The loss ratio suffered by the Soviets was roughly in favour of the German military. Soviet tank strength went back up to 2, tanks by 3 August due to the repair of damaged vehicles. Total casualties are uncertain. Karl-Heinz Frieser, who reviewed the German archive record, calculated that during Operation Citadel 54, casualties were suffered. Of these, 9, were killed, 1, were reported missing and 43, were wounded.
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The 9th Army suffered 23, casualties, while Army Group South suffered 30, casualties. In facing Operation Kutuzov, 14, men were killed, 11, were reported missing presumed killed or captured and 60, were wounded. Total casualties for the three battles were about 50, killed or missing and , wounded per German military medical data [ citation needed ]. During Operation Citadel, to tanks and assault guns were destroyed. By 5 July, when the Battle of Kursk started, there were only operational Panthers.
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Within two days, this had dropped to Due to enemy action and mechanical breakdowns, the combat strength sank rapidly during the first few days. By the evening of 10 July there were only 10 operational Panthers in the frontline. Approximately 40 Panthers had already been repaired and were on the way to the front. About 25 still had not been recovered by the repair service On the evening of 11 July, 38 Panthers were operational, 31 were total writeoffs and were in need of repair. A slow increase in the combat strength is observable. The large number of losses by hits 81 Panthers up to 10 July attests to the heavy fighting.
Thus, a report on 11 August showed that the numbers of total writeoffs in Panthers swelled to , with only 9 operational. The German Army was forced into a fighting retreat and increasingly lost tanks in combat as well as from abandoning and destroying damaged vehicles. Most of these occurred during their offensive at Kursk. The total number of German tanks and assault guns destroyed during July and August along the entire Eastern Front amount to 1, Of these, Frieser estimates that were destroyed during the Battle of Kursk.
Frieser reports Luftwaffe losses at planes, with lost during the German offensive, destroyed during Operation Kutuzov, and a further lost during Operation Polkovodets Rumyantsev. From Wikipedia, the free encyclopedia. Operation Citadel: , men  2, tanks  9, guns and mortars .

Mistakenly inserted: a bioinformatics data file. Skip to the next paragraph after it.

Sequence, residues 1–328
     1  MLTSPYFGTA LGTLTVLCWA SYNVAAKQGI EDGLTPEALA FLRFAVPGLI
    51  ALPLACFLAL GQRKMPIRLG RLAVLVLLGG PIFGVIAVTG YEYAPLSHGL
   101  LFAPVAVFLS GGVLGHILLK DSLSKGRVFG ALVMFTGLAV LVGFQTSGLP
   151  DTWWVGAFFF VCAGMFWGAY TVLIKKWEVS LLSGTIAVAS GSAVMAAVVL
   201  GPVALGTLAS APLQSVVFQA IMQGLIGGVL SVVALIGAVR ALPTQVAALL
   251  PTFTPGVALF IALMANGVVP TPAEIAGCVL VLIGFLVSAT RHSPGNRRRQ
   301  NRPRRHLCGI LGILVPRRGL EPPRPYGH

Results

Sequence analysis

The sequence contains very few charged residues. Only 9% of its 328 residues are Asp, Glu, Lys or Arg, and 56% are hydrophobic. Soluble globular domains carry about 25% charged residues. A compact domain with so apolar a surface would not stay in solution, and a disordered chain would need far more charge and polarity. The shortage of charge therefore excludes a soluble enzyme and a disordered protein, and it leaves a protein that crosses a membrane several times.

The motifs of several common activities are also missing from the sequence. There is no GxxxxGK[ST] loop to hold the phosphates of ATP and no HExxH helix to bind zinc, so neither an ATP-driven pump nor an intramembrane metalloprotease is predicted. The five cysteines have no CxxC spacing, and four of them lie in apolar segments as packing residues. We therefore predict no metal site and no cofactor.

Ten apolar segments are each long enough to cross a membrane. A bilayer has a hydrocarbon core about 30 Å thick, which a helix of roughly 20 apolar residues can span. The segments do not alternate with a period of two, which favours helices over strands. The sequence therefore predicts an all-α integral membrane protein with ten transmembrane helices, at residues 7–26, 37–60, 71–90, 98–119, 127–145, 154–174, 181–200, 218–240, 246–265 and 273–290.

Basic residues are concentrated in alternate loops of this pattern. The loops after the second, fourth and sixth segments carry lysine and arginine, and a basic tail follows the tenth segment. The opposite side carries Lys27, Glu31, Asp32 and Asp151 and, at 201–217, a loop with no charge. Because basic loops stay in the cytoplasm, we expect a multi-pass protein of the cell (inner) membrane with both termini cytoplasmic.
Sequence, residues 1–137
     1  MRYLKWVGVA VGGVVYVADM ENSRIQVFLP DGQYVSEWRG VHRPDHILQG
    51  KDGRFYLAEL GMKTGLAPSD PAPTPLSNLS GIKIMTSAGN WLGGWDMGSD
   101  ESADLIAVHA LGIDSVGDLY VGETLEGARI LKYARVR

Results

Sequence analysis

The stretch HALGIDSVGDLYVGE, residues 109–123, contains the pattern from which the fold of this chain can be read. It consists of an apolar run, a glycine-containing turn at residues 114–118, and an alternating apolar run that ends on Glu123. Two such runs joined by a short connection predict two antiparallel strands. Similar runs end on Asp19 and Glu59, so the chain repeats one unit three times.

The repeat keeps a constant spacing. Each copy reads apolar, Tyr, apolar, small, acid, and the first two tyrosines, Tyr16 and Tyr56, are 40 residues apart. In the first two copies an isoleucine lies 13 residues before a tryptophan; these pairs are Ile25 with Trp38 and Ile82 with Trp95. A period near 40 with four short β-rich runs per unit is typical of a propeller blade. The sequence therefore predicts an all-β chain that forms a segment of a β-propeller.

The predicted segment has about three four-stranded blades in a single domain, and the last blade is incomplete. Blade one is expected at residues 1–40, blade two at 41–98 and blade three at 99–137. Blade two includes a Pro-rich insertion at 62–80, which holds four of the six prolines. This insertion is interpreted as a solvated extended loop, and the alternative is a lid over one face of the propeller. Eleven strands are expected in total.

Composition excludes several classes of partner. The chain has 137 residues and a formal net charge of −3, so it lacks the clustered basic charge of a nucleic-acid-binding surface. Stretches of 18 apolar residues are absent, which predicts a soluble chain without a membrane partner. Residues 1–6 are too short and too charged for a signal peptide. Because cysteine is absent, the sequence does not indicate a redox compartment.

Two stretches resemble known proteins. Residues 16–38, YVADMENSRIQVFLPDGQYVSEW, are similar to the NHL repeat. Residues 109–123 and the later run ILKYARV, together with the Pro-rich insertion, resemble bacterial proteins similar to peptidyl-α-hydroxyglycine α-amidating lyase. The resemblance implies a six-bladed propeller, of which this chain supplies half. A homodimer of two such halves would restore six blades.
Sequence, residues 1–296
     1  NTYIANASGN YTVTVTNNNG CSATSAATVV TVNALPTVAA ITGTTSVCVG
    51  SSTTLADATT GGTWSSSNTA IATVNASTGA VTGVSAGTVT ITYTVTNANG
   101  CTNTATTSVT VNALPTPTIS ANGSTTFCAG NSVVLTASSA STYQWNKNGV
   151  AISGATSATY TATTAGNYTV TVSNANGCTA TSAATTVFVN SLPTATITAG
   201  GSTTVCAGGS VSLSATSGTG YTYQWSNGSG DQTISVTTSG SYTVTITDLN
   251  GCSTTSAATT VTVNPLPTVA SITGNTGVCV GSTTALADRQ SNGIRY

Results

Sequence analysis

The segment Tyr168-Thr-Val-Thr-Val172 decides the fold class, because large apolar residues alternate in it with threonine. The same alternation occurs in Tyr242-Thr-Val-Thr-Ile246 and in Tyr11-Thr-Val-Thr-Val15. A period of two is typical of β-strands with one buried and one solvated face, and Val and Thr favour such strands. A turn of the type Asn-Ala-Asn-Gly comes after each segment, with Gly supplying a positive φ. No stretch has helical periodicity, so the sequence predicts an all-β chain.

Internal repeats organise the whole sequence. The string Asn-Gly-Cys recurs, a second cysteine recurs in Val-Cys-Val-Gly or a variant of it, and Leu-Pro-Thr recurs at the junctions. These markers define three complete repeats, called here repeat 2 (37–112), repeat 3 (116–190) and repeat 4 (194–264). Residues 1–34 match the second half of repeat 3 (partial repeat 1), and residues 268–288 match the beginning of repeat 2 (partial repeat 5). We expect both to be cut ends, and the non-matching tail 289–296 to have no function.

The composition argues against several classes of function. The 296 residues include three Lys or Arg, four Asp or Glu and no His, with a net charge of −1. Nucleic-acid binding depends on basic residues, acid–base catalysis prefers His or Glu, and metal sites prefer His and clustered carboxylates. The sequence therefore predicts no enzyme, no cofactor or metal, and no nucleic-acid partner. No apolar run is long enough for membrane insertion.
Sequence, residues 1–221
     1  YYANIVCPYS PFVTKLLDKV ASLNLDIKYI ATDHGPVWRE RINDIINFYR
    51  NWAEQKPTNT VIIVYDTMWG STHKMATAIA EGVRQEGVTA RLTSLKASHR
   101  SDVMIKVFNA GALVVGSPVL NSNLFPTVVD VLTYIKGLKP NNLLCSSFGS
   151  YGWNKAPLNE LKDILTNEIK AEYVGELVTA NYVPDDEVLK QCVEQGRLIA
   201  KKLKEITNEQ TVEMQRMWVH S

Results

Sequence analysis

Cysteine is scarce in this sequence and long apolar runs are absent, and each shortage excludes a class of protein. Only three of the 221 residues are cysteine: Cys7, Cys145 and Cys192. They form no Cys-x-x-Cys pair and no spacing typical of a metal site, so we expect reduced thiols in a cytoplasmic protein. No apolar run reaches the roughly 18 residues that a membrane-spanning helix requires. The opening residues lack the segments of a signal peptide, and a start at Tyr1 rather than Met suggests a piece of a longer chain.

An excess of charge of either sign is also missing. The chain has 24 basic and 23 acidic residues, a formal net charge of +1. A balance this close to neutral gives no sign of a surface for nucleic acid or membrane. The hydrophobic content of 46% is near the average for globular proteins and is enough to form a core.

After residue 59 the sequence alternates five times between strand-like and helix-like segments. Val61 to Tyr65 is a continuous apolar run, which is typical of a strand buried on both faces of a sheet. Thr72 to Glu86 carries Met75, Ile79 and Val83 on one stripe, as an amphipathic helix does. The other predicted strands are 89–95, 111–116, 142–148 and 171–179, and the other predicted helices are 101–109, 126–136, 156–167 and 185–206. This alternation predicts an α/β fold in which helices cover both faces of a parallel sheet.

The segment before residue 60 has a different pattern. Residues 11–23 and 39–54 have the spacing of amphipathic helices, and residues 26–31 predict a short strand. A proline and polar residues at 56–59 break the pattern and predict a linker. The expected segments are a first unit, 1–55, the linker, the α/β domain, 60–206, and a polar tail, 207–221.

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Operation Citadel: 1,, men  5, tanks  25, guns and mortars . Operation Citadel: [d]  54, men  [e]  — tanks and assault guns destroyed,   1, tanks and assault guns damaged   aircraft   c. Eastern Front. Battle of Kursk. See also: Battle of Kursk order of battle. Main article: Battle of Prokhorovka.
Main article: Operation Kutuzov. Main article: Belgorod-Kharkov Offensive Operation.
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Orel-counter ; 2, Belgorod-counter ; 1, Citino used the term to comment on the failure of the operation: "The operation misfired from the start. There was no strategic breakthrough—no "blitzkrieg", no war of movement. Instead it turned into World War I with tanks".
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Citino In The Wehrmacht Retreats: Fighting a Lost War, , Citino did not use the term "blitzkrieg", instead describing Citadel as an attempted operation in the classical tradition of Bewegungskrieg , literally: "war of movement", or maneuver warfare , culminating in a Kesselschlacht literally: "cauldron battle", or battle of encirclement Citino In "Achtung Panzer! He listed three elements: surprise, deployment in mass, and suitable terrain.
Of these, surprise was by far the most important. Guderian , p. The great commitment certainly would not bring us equivalent gains. The figure for German manpower refers to ration strength which includes non-combatants and wounded soldiers still in medical installations. The figures for guns and mortars are estimates based on the strength and number of units slated for the operation; the figure for tanks and assault guns include those in workshops.
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Some comrades became frightened, leaped out of the trenches, and began to run away. The commander saw who was running and quickly forced them back into the trenches, making it sternly clear that they had to stay put.
The tanks reached the trench line and, with a terrible roar, clattered overhead In addition to the units listed below, there are also the 4th Guards, 27th, 47th and 53rd Armies.